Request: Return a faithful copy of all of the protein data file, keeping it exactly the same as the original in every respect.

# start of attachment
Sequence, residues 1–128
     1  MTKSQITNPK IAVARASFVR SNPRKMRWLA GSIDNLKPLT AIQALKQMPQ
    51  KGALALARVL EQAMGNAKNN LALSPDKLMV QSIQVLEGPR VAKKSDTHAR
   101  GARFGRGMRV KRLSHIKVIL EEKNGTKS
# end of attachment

Sequence, residues 1–128
     1  MTKSQITNPK IAVARASFVR SNPRKMRWLA GSIDNLKPLT AIQALKQMPQ
    51  KGALALARVL EQAMGNAKNN LALSPDKLMV QSIQVLEGPR VAKKSDTHAR
   101  GARFGRGMRV KRLSHIKVIL EEKNGTKS